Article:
Liam Mason died out of desperation. Friends of the young County Monaghan man have charged that he was driven to killing himself last month by the exploitation he suffered while working in New Jersey. This week, federal officials have said they will open an investigation into those allegations.
With an initial Department of Labor probe comes a chance to find out the truth behind the tragedy of his death. And perhaps an opportunity to hold those allegedly responsible accountable for their actions.
In cities such as New York, Philadelphia and Boston, where underground employment markets flourish, it’s not uncommon to hear tales of construction workers burned financially by unscrupulous employers: nannies duped out of wages and painters left without a weekly pay packet. That may well be one of the risks of working here undocumented. Most move on, and with the help of friends and family start again, putting their unfortunate incidents down to bad luck and experience. Certainly, few suffer such torment as Mason’s colleagues say he did before he died.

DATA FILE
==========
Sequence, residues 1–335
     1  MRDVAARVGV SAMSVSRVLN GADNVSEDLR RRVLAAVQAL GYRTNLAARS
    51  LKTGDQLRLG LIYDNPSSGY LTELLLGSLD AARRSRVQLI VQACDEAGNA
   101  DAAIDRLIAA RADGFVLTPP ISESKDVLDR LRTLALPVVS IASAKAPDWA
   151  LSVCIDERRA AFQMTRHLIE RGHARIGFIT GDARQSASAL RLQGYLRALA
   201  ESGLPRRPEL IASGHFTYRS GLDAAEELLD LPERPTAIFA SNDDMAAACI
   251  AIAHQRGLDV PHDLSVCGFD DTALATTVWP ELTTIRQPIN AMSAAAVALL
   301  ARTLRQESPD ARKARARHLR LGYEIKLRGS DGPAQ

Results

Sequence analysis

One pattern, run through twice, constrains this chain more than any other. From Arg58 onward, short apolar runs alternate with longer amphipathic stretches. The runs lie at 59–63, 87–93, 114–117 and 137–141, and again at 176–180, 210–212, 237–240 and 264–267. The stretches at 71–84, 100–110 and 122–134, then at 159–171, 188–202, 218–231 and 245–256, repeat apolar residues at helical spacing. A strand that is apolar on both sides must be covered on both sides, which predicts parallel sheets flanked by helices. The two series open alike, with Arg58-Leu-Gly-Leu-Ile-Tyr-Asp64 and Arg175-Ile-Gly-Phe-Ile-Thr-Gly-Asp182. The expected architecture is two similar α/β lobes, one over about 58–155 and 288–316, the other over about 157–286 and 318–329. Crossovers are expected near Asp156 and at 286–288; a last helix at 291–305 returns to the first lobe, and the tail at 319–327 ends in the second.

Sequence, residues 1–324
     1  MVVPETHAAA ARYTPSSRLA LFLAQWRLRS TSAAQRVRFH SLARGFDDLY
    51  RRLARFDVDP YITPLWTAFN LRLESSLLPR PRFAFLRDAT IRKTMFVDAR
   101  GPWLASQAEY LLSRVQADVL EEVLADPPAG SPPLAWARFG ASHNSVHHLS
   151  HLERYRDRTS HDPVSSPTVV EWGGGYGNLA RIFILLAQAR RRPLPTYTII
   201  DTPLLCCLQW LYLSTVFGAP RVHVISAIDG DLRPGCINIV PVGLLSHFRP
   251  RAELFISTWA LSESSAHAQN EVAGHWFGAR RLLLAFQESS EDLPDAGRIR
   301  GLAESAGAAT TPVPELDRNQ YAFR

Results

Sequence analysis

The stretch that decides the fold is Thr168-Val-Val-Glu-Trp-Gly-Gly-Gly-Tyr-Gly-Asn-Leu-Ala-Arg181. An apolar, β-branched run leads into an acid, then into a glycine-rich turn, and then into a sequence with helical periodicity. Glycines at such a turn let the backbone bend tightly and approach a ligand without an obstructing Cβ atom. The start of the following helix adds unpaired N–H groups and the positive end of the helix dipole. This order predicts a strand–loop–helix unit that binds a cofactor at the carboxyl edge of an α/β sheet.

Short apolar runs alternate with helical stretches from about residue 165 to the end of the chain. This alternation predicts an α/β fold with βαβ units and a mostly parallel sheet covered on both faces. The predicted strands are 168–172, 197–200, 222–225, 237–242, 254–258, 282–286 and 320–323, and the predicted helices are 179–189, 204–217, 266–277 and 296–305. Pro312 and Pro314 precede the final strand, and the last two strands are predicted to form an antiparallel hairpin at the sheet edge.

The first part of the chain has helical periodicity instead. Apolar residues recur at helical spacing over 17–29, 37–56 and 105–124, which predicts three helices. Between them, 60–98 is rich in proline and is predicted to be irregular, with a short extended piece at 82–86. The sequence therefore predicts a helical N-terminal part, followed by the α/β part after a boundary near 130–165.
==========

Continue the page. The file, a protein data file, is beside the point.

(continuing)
But, as is so often the case, it took a tragedy to bring to the surface an issue that many knew existed but few would talk about openly.
If a federal investigation should pin down those responsible for the abuse friends say Mason suffered through his last few months, then it should prove a warning to others who take advantage of illegal workers – workers who often feel they have little choice but to take what is handed to them.
It should also furnish those in similar dire situations with the knowledge that there is help available, that they do have alternatives. Hopefully, this investigation will help prevent the needless waste of another young life.
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